Academic journal article Current Politics and Economics of Northern and Western Asia

Parents' Religious Involvement, Family Socialization and Adolescent Behavioral Problems in Hong Kong

Academic journal article Current Politics and Economics of Northern and Western Asia

Parents' Religious Involvement, Family Socialization and Adolescent Behavioral Problems in Hong Kong

Article excerpt

Introduction

Although salutary effects of parents' religious involvement on family well-being and development have been documented extensively in the recent family literature, efforts on investigating how parents' religious involvement that may influence family socialization which leads to behavioral problems of their adolescent children are limited. Furthermore, both religious involvement and family socialization are a multifaceted concept. But prior studies either adopted a single item (e.g. religious attendance and frequency of payer) to denote religiosity or treated parenting behavior as tantamount to family socialization (Levin et al., 1996; Mahoney & Tarakeshwar, 2005; Yeung & Chan, 2014). Against this, multiple forms of parents' religious involvement and family socialization in relation to adolescent behavioral problems will be examined in the present study. Furthermore, the family systems theory states that families are collections of individuals that are organized into subsystems and larger systems, each with their own functional integrity (Grotevant, 1998). Therefore, no information from a single individual can validly and reliably represent the collective, complicated, and dynamic picture of the family (Hayden et al., 1998). In this study, a multi-informant approach (e.g. the composite of both parents' and children's ratings) will be used to measure family socialization in purpose of avoiding method variance bias that is inherent in the single-party rating method (Bohnert et al., 2007; Simons et al., 2004). Taken together, this study aims to examine the influences of parents' religious involvement in the form of intrinsic religiosity and positive religious coping and family socialization in terms of positive family processes and effective parenting behavior on adolescent children's behavioral problems in Hong Kong by its grounding on the multi-informant perspective of family effects.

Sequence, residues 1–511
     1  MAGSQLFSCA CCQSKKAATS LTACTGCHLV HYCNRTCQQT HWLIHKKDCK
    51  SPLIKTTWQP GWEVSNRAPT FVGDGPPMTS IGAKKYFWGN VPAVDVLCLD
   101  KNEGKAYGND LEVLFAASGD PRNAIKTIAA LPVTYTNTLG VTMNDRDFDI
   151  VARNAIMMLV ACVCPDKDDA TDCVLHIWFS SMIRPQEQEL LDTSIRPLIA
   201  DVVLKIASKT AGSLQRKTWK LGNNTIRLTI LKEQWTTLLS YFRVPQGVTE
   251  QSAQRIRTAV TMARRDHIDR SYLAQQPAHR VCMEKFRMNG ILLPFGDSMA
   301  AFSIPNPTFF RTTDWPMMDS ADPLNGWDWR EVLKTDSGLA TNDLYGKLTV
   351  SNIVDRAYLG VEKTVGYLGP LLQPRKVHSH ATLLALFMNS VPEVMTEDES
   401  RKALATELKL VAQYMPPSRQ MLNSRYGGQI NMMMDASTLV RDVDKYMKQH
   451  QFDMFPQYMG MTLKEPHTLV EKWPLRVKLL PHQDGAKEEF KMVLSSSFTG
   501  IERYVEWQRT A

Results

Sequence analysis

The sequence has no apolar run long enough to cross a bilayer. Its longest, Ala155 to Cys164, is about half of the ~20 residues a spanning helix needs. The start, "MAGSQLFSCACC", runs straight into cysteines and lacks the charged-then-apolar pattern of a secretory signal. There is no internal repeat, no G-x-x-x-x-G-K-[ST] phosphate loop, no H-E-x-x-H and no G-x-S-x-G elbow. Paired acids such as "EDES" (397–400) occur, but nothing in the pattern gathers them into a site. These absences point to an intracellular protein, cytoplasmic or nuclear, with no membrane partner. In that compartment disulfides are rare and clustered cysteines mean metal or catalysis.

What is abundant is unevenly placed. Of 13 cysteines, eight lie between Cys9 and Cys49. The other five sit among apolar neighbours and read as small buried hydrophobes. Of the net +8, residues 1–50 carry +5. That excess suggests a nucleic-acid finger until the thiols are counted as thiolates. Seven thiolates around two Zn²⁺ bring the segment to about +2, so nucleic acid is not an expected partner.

Parents' Religious Involvement and Family Socialization

An increasing number of studies have recently pointed out that religious involvement of parents could protect the sanctity and importance of the family realm and provide them clear norms and behavioral guidelines for how to rearing their offspring adequately. It also facilitates a supportive system (Shor, 1998; Mahoney, 2001; Mahoney & Tarakeshwar, 2005) which is considered to contribute to better family social socialization and well-being. In a longitudinal study by Pearce and Axinn (1998), quality of mother-child interactions varied as a function of the mother's religious involvement in terms of self-rated importance of religion and church attendance. In another study by Snider and his colleagues (2004), parents' religiousness was positively associated with each dimension of positive parenting practices which include parental closeness, support, monitoring and acceptance. More recently, Weyand et al. (2013) found that parents' religiosity was influential of their parental functioning in terms of parenting behaviors and parental sense of competence. Furthermore, a latest study by Li (2014) showed that family religiosity was significantly and negatively related to children's delinquency and much variance of the association between family religiosity and children's delinquency was mediated by couple's relationship, parenting behavior, and parent-child relationships. In addition, the other pertinent literature reports that parents' religious involvement is associated with multiple beneficial factors that may enhance family functioning and relationship quality such as sanctification of marital and family relationships, emphasis on parents' spiritual duty to achieve certain socialization goals and strengthened supportive network (Baucom, 2001; Dollahite et al., 2004; Mahoney, 2005).

In fact, the social role (Cherlin, 1992) and belief-based perspectives (Maio et al., 2006) as well as the social cognitive theory (Howard & Renfrow, 2006) can help to expound the favorable effects of parents' religious involvement on promoting family socialization and well-being. …

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